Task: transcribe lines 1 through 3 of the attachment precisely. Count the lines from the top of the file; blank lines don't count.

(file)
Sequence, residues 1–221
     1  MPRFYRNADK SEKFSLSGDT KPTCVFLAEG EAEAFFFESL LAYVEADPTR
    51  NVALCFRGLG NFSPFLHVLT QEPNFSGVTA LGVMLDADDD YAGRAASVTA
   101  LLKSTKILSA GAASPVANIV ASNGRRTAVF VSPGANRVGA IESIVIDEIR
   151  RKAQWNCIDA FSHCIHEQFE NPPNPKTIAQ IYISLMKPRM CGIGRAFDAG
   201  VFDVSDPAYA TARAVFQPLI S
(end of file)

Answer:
Sequence, residues 1–221
     1  MPRFYRNADK SEKFSLSGDT KPTCVFLAEG EAEAFFFESL LAYVEADPTR
    51  NVALCFRGLG NFSPFLHVLT QEPNFSGVTA LGVMLDADDD YAGRAASVTA